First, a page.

A totally different “role” as a woman applies – Patriarchy is a huge issue in the U.S. and abroad. My time in Rwanda made me realize that similar things were said to women, a similar rape culture dialogue existed, and women, in large part, were fighting similar battles to be seen as equal.  The women in Rwanda, however, were dealing with other basic necessities not being easily found and disparities in education beyond what is seen in the West.  So, we all face patriarchy but in different ways and different amounts.  While my working mom was a bit unique in my upper-middle-class suburb for working despite having a gainfully employed husband, she wasn’t seen as a pariah or completely unusual or unheard of.  Sometimes teachers did not “get” it but no one was downright offended by her choice of working over homemaking.  This is different in other places.  There was a choice in her role.  At one point, my father quit his job to stay home and raise us so my mom could go back to work.  She did not enjoy staying at home. This sort of choice would have been unheard of in Kigali.

Romanticizing the fact that women who don’t have a choice, don’t have their own economic ability to “choose” to work outside the home, and don’t have the ability for outside work to be seen as “normal” or even “acceptable” is disturbing to me.  These women aren’t choosing to stay home for the most part.  Many of them don’t see any other opportunities.  That’s the role of a woman in her society.

There is a weird need to explain bedsharing and breastfeeding as being “closer to nature” and, thus, preferable but we need to be especially careful when we romanticize women living in the developing world as “closer to nature” lest we veer towards describing them as “primitive”.  Nothing could be more offensive in my opinion!  It’s not “cute” for women to be stuck in a role without the choice or economic means to pick another way.  A lack of cry-it-out and formula feeding is out of necessity and different circumstances.  It’s not only unfair to women in the developing world to take this tack, it completely ignores the difference between a woman in a postmaterial society and than in society industrializing.  I’m not big on first-world feminism being the only argument and I’m a huge believer in intesectionality, so these dialogues just ignore huge, important concepts surrounding the rights of women around the world.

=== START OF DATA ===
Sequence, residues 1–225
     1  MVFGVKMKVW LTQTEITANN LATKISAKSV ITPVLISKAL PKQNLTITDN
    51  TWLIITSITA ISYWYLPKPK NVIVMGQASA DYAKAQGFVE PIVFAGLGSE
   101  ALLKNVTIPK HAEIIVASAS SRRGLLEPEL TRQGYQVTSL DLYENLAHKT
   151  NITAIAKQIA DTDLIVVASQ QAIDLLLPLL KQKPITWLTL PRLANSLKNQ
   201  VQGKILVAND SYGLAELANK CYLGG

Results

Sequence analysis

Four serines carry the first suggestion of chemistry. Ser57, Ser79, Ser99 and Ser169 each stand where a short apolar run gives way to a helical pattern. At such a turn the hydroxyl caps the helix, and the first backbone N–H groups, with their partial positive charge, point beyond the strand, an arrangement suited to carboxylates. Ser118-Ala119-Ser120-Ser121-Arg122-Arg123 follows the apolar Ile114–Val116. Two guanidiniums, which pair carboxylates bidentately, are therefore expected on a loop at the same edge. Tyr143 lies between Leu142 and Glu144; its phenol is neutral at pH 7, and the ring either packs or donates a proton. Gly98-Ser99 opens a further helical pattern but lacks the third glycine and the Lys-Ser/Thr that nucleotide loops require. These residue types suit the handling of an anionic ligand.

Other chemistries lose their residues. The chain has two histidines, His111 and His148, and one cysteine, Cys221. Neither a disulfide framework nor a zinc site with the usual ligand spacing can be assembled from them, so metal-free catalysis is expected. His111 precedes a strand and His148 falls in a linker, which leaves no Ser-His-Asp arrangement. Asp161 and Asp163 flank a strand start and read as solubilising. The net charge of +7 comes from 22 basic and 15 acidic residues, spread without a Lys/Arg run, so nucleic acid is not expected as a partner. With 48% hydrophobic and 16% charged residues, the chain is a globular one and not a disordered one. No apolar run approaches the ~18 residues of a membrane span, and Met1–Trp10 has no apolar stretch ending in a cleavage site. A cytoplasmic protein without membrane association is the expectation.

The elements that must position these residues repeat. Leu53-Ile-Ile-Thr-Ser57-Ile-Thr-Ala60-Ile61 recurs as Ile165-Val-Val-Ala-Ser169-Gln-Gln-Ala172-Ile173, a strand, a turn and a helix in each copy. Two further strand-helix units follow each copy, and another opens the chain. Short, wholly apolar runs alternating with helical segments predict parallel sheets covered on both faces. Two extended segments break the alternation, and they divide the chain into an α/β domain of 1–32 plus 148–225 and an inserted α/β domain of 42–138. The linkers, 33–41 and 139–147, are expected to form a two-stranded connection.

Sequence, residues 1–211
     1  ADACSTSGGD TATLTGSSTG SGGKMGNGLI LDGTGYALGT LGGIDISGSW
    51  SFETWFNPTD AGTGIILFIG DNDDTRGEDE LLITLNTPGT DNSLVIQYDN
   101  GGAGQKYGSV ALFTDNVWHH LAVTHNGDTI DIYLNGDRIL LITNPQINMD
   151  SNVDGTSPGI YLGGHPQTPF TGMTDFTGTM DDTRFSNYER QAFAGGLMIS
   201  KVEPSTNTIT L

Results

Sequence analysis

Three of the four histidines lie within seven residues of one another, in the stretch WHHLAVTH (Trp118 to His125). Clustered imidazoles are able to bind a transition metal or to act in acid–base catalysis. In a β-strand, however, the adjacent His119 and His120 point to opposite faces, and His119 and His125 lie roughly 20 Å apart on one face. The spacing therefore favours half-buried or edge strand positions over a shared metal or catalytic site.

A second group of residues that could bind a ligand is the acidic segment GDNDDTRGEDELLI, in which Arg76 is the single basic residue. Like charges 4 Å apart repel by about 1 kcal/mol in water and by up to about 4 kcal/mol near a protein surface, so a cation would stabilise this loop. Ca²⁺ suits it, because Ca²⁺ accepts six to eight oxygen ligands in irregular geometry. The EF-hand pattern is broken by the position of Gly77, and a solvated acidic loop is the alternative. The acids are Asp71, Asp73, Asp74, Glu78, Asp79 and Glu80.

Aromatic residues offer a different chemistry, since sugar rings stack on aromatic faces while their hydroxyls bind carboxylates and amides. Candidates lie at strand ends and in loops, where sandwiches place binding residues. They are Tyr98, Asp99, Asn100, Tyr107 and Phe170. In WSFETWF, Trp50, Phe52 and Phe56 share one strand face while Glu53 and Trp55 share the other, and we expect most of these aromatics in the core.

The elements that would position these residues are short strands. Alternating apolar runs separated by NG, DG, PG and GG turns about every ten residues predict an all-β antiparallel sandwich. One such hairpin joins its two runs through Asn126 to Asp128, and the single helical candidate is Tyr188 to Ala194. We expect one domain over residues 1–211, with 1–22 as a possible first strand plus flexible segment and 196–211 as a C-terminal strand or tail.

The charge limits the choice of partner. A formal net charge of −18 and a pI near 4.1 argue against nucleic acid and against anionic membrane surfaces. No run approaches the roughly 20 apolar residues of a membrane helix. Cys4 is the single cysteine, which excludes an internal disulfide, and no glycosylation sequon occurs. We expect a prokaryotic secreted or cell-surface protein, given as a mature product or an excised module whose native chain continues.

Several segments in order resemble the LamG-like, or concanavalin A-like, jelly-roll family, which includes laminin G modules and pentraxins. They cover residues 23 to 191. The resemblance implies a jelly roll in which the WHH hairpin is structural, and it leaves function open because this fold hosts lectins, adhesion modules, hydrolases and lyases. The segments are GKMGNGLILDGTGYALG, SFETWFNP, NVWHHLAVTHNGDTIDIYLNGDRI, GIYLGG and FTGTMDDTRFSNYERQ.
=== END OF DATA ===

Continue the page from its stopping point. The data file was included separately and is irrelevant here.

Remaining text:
Instead, how do we avoid this?

First, know that it is okay to say you prefer to bedshare or breastfeed.  If you prefer it, that’s reason enough to do it.  It is your choice to do so.  If bedsharing means everyone sleeps, that’s fantastic.  If breastfeeding works for you, keep it up!  Second, we should acknowledge the difference between a choice and a given.  If you live in a place with non-potable water and a one room place, you don’t have a choice.  Realize that women around the world are not pictures or scenes, they are living breathing people just like us who have their own struggles which may differ from ours and that’s okay.  As long as we don’t try to speak FOR THEM directly, we should be okay.  Using them to support your argument against an entire swath of women (for the purposes of basically calling the other women bad moms) as if they are game pieces or tokens is never okay.

We can’t say their experiences are ours or are better or worse than ours but we can be sensitive in our conversations.  Neither CIO or bedsharing are the devil. Neither breastfeeding nor formula feeding will kill your kid.  It’s okay to have a preference and it’s okay to respect the preferences of others.   But, seriously, leave women in developing nations OUT of it!